Boring of the cylinder block should be performed by a reputable machine shop with the proper equipment. In some cases, clean-up honing can be done with the cylinder block in the vehicle, but most excessive honing and all cylinder boring MUST BE done with the block stripped and removed from the vehicle.
RIDGE REMOVAL & HONING
See Figures 13, 14 and 15
- Before the piston is removed from the cylinder, check for a ridge at the top of the cylinder bore. This ridge occurs because the piston ring does not travel all the way to the top of the bore, thereby leaving an unworn portion of the bore surface.
- Clean away any carbon buildup at the top of the cylinder with sand paper, in order to see the extent of the ridge more clearly. If the ridge is slight, it will be safe to remove the pistons without damaging the rings or piston ring lands. If the ridge is severe, and easily catches your fingernail, it will have to be removed using a ridge reamer.
A severe ridge is an indication of excessive bore wear. Before removing the piston, check the cylinder bore diameter with a bore gauge, as explained in the cleaning and inspection procedure. Compare your measurement with engine specification. If the bore is excessively worn, the cylinder will have to bored oversize and the piston and rings replaced.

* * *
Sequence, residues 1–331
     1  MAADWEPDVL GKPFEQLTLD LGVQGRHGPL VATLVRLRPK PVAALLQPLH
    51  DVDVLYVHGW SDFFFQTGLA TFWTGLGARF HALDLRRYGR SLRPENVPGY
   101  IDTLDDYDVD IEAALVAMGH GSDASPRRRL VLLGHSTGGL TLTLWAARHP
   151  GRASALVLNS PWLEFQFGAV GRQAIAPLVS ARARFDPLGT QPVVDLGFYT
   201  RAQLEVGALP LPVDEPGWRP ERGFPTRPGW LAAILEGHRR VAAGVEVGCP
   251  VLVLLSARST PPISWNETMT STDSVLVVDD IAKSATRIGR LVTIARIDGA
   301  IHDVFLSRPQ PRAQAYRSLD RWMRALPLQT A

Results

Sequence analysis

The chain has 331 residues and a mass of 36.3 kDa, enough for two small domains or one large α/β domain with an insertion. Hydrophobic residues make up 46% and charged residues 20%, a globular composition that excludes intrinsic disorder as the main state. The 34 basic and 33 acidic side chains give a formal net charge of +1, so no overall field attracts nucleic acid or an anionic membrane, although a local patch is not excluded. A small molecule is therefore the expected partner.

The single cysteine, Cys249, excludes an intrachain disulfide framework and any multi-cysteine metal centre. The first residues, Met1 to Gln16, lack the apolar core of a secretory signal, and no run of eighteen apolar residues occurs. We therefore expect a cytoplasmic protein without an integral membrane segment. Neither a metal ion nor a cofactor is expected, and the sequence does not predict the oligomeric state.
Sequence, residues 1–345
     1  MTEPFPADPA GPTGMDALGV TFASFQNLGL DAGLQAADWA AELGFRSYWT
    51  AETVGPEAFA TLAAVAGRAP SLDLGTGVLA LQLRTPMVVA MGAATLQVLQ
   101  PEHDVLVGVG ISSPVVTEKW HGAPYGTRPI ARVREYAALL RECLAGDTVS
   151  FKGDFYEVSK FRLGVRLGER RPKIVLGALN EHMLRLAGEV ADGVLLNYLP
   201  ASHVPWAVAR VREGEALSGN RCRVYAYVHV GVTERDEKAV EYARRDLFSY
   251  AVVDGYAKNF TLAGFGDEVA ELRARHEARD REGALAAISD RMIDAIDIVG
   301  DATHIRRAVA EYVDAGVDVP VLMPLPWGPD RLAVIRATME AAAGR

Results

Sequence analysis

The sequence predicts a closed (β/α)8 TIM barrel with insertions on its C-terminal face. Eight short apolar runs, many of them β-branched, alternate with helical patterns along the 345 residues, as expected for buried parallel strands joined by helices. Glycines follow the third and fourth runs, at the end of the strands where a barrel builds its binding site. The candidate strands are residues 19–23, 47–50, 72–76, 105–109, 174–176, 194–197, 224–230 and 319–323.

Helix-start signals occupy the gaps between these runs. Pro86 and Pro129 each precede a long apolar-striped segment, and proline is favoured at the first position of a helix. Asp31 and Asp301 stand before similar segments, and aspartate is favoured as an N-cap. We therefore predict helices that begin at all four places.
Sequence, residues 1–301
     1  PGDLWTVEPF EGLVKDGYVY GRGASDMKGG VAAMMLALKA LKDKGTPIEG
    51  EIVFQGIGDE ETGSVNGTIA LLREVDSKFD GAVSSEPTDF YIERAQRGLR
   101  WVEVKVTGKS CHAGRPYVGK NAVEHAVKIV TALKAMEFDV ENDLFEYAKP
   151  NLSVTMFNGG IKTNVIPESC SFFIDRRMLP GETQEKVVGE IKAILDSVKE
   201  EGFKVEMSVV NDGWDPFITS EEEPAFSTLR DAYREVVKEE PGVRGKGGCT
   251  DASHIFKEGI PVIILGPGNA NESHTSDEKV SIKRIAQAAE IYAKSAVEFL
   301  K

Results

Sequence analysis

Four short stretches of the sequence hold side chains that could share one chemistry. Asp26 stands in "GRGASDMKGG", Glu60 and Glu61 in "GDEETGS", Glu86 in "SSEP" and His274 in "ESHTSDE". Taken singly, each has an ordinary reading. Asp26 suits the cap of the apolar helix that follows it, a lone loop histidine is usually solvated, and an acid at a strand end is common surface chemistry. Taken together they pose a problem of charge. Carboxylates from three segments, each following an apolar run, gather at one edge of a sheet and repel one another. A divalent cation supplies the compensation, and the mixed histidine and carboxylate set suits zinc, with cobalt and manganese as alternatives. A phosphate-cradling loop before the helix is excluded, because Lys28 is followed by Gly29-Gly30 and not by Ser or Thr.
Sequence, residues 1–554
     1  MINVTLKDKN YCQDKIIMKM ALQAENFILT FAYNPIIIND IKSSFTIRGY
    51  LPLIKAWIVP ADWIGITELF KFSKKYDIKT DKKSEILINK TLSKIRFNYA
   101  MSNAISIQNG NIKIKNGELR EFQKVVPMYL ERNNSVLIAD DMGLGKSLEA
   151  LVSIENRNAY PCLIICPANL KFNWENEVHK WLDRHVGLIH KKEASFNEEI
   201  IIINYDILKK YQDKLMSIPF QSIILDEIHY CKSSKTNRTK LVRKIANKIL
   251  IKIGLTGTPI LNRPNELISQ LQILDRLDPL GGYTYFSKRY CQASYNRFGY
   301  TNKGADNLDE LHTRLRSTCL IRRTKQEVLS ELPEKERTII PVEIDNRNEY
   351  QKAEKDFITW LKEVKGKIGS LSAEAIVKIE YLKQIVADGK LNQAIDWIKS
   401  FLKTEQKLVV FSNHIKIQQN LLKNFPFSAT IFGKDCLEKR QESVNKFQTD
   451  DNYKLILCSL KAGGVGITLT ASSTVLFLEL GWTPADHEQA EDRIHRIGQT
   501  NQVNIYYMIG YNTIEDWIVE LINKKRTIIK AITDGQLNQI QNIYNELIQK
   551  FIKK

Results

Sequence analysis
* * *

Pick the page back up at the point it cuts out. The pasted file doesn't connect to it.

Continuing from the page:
- Install the ridge removal tool in the top of the cylinder bore. Carefully follow the manufacturers instructions for operation. Only remove the amount of material necessary to remove the ridge. Place the piston at the bottom of its stroke, and cover it with a rag. Cut the ridge away with the ridge reamer, using extreme care to avoid cutting too deeply. Remove the rag, and remove the cuttings that remain on the piston with a magnet and a rag soaked in clean oil. Make sure the piston top and cylinder bore are absolutely clean before moving the piston.